'If the report was confirmed, then the court was authorized to impanel a jury of twelve men competent to serve as jurors, who, being duly sworn, were required to assess damages and benefits according to law; or the court could direct that a jury be impaneled before a justice of the peace for the assessment of damages and benefits, in which case the commissioners could apply to any justice of the peace in the county, who should immediately, without the formality of any written application, proceed to summon and impanel a jury of six men competent to serve as jorors, who should be sworn in the same manner as was provided in case of a jury impaneled by the court in which the proceeding is pending, the justice to enter upon his docket a minute of such proceeding before him, and the names of the jurors. 16.
'The duty of the jury was to examine the land to be affected by the proposed work; ascertain to the best of their ability and judgment the damages and benefits sustained by or accruing to the land affected by the construction of the proposed work; make out an assesment roll, in which should be
[184 U.S. 450, 454]
set down in proper columns the names of owners, when known, a description of the premises affected, in words or figures, or both, as was most convenient, the number of acres in each tract, and, if damages were allowed, the amount of the same; and in case damages were allowed to, and benefits assessed against, the same tract of land, the balance, if any, should be carried forward to a separate column for damages or benefits, as the case might be. 17.
'In making the assessment the jury were required to award and assess damages and benefits in favor of and against each tract of land separately, in the proportion in which such tract of land would be damaged or benefited; and in no case should any tract of land be assessed for benefits in a greater amount than its proportionate share of the estimated cost of the work and expenses of the proceeding, nor in a greater amount than it would be benefited by the proposed work, according to the best judgment of the jury. 18.
'The commissioners, or any person who made objection to the assessment, were given the right of appeal from the finding of the jury. If, upon such appeal, there were corrections of the assessment, or if the assessment roll was confirmed, then the roll was to be spread upon the record, with right of appeal or writ of error therefrom. 24, 26.
'At the time of confirming the assessment the court could order the assessment of benefits to be paid in instalments of such amounts and at such times as would be convenient for the accomplishment of the proposed work; otherwise, the whole amount should be payable immediately, upon the confirmation, and should be 'a lien upon the lands assessed until paid.' 27.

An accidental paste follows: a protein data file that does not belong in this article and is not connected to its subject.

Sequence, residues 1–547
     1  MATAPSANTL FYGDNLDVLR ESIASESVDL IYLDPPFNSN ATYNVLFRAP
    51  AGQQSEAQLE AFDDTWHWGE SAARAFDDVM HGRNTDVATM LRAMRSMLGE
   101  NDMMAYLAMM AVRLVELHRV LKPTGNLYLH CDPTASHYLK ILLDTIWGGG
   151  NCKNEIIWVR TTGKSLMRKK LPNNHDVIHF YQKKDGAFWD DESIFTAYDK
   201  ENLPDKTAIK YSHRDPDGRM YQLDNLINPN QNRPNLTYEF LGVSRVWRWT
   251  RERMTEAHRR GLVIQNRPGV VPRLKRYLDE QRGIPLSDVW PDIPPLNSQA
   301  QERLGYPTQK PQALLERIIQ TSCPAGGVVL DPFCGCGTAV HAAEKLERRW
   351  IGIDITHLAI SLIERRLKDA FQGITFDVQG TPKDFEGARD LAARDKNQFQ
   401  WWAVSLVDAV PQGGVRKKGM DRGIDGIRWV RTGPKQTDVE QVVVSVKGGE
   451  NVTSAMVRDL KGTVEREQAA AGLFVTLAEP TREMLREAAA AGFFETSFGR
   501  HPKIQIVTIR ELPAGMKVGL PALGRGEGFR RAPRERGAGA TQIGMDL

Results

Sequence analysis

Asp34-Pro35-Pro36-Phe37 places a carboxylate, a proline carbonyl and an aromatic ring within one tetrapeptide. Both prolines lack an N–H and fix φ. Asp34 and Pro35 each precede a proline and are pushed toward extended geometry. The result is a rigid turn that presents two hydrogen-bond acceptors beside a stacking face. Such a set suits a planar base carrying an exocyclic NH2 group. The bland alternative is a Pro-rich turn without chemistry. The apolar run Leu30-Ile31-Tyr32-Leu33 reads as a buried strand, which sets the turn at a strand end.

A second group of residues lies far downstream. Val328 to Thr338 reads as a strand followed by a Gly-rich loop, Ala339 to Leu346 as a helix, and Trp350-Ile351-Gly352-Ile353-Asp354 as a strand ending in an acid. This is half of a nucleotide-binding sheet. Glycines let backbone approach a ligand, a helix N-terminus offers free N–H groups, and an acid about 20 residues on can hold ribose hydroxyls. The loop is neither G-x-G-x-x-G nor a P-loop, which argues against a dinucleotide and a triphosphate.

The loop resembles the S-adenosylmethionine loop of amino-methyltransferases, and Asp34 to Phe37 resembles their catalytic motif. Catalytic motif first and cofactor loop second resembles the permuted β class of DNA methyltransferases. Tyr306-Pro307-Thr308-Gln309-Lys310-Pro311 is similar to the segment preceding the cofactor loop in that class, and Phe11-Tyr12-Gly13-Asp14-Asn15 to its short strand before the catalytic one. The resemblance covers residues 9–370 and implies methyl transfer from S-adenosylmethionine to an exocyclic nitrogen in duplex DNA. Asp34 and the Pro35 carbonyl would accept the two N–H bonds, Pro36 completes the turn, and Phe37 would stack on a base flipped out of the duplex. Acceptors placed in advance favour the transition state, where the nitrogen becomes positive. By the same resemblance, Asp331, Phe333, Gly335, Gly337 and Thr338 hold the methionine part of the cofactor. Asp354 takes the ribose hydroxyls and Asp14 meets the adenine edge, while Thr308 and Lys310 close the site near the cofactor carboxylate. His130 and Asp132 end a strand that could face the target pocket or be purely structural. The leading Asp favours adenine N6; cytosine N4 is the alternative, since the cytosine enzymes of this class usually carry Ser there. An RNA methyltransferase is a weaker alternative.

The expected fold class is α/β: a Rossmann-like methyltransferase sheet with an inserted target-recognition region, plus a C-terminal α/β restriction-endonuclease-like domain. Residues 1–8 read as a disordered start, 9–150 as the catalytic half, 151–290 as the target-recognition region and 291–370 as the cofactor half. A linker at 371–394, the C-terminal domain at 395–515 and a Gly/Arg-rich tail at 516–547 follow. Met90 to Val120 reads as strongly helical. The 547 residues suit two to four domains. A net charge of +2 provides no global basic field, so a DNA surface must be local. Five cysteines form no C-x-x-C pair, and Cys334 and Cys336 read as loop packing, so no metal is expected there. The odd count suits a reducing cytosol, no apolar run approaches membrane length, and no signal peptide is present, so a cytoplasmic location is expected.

'It was made the duty of the clerk, immediately after the entry of the order of confirmation, to make out and certify to the commissioners a copy of the assessment roll, and also to make out and deliver to the commissioners separate copies of the same, pertaining to the lands situated in different counties, to be recorded in the recorder's office of the respective counties in which the lands were situated, and which should be notice of the lien thereon to all person. 28.
'Upon receiving a certified copy of such assessment, the commissioners
[184 U.S. 450, 455]
could proceed to collect the same, or any instalment thereof, or certify the assessment of any instalment thereof which they might be entitled to collect at the time to the county clerk of the county in which the lands assessed were situated, who was required to 'extend the same, in a separate column, upon the proper tax books for the collection of state and county taxes: Provided, the owner, agent, or occupant of any land through or on which any drain, ditch, or levee shall be constructed shall have the right, under the direction of said commissioners, within such time as they shall prescribe, to construct such drain, ditch, or levee, or any part thereof, at his own cost; and in case he shall so construct the same, he shall be allowed for the value thereof upon his assessment.' 29.
'In case the assessment for benefits should be payable in instalments, such instalments were to draw interest at the rate of 10 per cent per annum from the time they became payable till they were paid, and the interest could be collected and enforced as part of the assessment. 30.
'Other sections of the act are as follows: